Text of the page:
With dark winter mornings just around the corner, I wanted to brighten my bedroom. But I didn't have a large budget to work with. I decided to focus on turning dark surfaces into light ones. By painting my walls, ceiling, closet doors, and window frame I changed my bedroom completely, giving it a brighter, larger feel while spending less than $100. Though the project was relatively easy, I did face some challenges.
First problem: Minimizing the mess
I decided to keep the furniture in the room during the project rather than move it to another room, but I wanted to make sure it was protected. To save money, I bought an economy-sized roll of painter's tarp. Though it was thin and flimsy, for $12 I had enough nylon covers to protect my furniture, floor, doors, and windows.
Conversely, I chose the more expensive painter's tape (FrogTape). A large roll cost me $8 instead of $4 for the competitor's brand. But the FrogTape (lime green) was super sturdy, easy to apply, and more importantly super easy to peel off even after it was painted over.
After painting my bedroom, I simply piled all the nylon covers and tape into a huge ball and stuffed it in a bag. In five minutes, my cleanup was done.
Second problem: Painting a light color on a dark wall
My walls were faux painted in dark rusty tones. I first painted a section of wall with a light, sandy color to see if the previous dark wall would show through. It did. I had to paint three more coats before the orange hues finally disappeared.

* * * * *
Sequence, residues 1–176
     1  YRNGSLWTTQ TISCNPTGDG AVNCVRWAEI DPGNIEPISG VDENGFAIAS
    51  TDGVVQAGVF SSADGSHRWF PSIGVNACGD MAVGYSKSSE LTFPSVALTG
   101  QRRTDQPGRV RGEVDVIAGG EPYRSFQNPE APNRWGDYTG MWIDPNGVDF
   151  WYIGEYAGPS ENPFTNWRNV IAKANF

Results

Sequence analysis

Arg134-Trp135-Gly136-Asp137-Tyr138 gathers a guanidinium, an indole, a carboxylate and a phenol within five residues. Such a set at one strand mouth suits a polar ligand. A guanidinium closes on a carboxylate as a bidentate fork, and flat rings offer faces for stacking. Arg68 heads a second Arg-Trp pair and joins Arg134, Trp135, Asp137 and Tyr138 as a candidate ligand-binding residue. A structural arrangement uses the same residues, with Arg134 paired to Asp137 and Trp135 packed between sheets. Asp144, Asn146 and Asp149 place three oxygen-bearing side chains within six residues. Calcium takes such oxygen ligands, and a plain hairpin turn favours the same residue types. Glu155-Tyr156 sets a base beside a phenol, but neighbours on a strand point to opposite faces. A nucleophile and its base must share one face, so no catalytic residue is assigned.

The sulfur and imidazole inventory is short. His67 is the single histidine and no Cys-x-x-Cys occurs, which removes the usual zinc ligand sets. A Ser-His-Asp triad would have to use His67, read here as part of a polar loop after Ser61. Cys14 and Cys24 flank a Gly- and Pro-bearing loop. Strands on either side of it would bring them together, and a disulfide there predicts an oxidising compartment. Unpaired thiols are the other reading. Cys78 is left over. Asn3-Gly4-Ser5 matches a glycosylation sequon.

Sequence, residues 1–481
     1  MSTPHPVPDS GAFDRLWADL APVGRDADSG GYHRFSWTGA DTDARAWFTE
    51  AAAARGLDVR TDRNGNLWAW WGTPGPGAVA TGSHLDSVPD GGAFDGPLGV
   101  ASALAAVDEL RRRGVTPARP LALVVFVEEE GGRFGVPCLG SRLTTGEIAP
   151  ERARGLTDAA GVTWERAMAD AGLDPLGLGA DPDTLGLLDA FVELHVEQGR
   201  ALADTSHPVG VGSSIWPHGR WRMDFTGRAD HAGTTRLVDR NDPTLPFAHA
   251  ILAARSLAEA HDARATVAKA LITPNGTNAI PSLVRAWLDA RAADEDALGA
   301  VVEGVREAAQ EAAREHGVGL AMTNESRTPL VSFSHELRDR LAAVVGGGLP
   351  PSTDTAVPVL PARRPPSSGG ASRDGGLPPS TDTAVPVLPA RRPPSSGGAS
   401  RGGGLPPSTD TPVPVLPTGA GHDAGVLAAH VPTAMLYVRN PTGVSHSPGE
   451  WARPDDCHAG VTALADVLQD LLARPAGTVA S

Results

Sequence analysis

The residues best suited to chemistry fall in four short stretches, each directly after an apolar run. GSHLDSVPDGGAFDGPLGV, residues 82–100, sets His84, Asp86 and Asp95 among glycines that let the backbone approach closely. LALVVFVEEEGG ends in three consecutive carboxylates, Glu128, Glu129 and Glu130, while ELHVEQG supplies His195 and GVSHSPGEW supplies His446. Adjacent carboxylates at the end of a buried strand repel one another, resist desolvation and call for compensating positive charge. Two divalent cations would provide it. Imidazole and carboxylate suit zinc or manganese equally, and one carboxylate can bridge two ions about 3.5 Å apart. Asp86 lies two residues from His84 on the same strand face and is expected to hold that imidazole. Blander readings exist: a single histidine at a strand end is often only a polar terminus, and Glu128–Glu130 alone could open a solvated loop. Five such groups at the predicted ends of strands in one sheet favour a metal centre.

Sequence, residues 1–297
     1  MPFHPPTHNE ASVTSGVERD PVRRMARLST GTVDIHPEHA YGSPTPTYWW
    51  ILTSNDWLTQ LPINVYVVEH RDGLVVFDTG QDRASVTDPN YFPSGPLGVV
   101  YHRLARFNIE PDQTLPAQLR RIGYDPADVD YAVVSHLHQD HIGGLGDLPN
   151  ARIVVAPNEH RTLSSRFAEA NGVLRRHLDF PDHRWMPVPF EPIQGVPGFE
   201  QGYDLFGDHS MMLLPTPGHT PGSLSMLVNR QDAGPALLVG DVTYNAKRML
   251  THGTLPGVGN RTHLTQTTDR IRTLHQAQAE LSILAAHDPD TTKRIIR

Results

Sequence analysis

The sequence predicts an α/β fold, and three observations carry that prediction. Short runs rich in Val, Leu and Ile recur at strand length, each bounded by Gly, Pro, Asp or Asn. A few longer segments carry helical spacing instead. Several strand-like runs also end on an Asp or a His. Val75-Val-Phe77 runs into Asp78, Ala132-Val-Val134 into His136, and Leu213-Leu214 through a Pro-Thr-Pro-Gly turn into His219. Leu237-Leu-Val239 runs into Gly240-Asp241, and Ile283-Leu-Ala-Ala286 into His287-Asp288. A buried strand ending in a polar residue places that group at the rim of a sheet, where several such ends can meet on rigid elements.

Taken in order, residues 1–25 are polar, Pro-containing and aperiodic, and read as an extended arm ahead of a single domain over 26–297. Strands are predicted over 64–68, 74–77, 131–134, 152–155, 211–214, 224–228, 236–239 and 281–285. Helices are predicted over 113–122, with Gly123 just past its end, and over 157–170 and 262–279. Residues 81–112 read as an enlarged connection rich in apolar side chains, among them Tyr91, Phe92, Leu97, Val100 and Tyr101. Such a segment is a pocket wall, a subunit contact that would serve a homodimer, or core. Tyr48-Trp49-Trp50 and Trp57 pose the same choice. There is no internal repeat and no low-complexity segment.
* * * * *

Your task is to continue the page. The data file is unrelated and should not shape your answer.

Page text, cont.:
Instead of buying three times the amount of paint, however, and spending $75, I bought a bucket of water-based primer, which cost only $20. The primer looked like thick white paint. I painted the walls and ceilings and let the primer dry for half an hour. There was no sign of the dark wall once this was done.
Third problem: Modernizing dark closet doors
After painting the bedroom in a sandy hue, I completely transformed its atmosphere. The room looked bigger and far brighter. But the closets and window casing were still stained in dark mahogany. I decided to paint them white to give the room a more modern feel.
This time I had to prime the mahogany surface twice before it disappeared from sight. Then I painted the bi-fold closet doors and window casing in glossy white latex paint, which matched the base molding and doors in the room.
When I had to stop painting for the night, I didn't trouble with cleaning my paintbrush. Instead, I placed it in a sealed zip-close bag, which kept the brush moist and ready for use the next day.
To paint the bi-fold doors, I first used foam brushes, thinking that they would allow me to get in the crevices better. In fact, the foam brush caused paint to collect and drip long after I finished a section. I used an ordinary paintbrush instead and applied two coats of paint.
Though I didn't take my closet doors off and spray paint, I did disconnect the top outer side, which allowed the door to swing open. This made it easy to reach the back side of the door and paint it with a brush.